As part of our bequest of Civil War items from Capt. Christie Crawfurd, the Town of Stow received items of arms and armour, including 3 17th C muskets, swords,pole arms, helmets and other items f armour. These were originally displayed in cabinets in the former reading room on the ground floor of St Edward’s hall. Later a branch of the County Library was installed here and the arms were stored in a secure room in the attic, having nowhere else to put them on display. They were occasionally put on show for special occasions, but two helmets were displayed in some glass fronted units in the library foyer. During one of our Festivals the helmets were stolen. They were not forced so were clearly insecure and all display items were removed.
A planned refurbishment of the Library gave the Civic Society an opportunity to remove the old cabinets and replace them with a full height, museum standard, secure display cabinet. Tenders were invited and a company from Swindon were chosen. Though they submitted a very competitive quote, the Society needed to seek some additional funding from elsewhere. The most suitable organisation to approach was the Arms and Armour Heritage Trust, associated with the Royal Armouries at Leeds. A bid for funding was submitted and after a period of waiting a generous cheque arrived which enabled the Society, with a little help from their own resources, to proceed with the final design and purchase of the current handsome cabinet. A most appropriate local person to inaugurate this exciting installation was Robert Hardy, the actor and historian, also the President of the Battlefields Trust. He kindly agreed to come from his home in Charlbury in Oxfordshire to perform the ceremony, and we were delighted with his company at a small reception in the main hall, surrounded by the collection of portraits also part of the Capt. Christie Crawfrud bequest.
We were, and continue to be, delighted by their support and the cabinet makes an impressive display not only for visitors to the Library, but for the Visitor Information Centre which is now in the library. This creates a large volume of people passing through, many of whom stop to view. It has also been useful to display other related items, for instance during the 100th anniversary commemorations for WW1 and for the anniversary the community of Apomattox, USA, where the American Civil War was finally concluded and the formal surrender took place We have established a link with the Town and sent them a commemorative quilt, which was on display.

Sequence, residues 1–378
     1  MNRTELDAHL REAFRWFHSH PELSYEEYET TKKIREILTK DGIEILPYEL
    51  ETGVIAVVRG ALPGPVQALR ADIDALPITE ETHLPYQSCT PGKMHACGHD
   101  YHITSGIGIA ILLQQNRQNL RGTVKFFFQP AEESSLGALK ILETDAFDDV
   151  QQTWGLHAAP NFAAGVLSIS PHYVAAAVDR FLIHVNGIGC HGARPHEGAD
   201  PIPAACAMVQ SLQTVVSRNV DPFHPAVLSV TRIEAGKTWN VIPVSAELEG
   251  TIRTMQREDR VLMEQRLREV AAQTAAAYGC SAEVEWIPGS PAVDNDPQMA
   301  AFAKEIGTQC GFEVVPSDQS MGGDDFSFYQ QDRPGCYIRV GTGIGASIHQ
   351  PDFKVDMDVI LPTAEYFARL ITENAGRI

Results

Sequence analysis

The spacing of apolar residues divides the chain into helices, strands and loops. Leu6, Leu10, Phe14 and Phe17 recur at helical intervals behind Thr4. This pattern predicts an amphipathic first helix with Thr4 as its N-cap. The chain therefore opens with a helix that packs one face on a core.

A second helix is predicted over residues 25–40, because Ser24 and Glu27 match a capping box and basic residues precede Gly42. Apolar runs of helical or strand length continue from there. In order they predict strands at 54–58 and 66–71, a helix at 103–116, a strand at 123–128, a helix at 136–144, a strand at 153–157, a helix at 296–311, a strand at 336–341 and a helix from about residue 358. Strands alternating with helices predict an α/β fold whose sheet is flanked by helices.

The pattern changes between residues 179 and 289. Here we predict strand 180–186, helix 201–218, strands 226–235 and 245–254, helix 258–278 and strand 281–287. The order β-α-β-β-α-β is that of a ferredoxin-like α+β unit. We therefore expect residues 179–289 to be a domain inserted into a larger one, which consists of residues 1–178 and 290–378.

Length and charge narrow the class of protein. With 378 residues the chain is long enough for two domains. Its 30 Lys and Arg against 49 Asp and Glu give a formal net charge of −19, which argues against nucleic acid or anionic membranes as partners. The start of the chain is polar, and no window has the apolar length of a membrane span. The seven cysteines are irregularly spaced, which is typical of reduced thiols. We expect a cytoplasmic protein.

Stow was the location of the final battle of the English Civil War, where the last remaining troops were defeated by the Parliamentarians, leading to the departure of the King from Oxford and the ceding of the City to Cromwell. The Royalist commander, Sir Jacob Astley surrendered by the market cross where a plaque has been placed by the Civic Society to mark the occasion. However, the exact location of the battle has never been identified. A monument has been placed near the village of Donnington, north of Stow, but subsequent survey carried out by the Battlefields Trust have shown this location to be incorrect, and work continues to find the correct site. Some evidence of the possible retreat has been found in a field nearer the Town and the cabinet has enabled us to exhibit the items found on display. The work is continuing.
The possibility of a Town museum has long been considered, but no suitable premises in the Town are available. As a result we are especially grateful to AAHT for helping to provide us with a space to show items from our local history.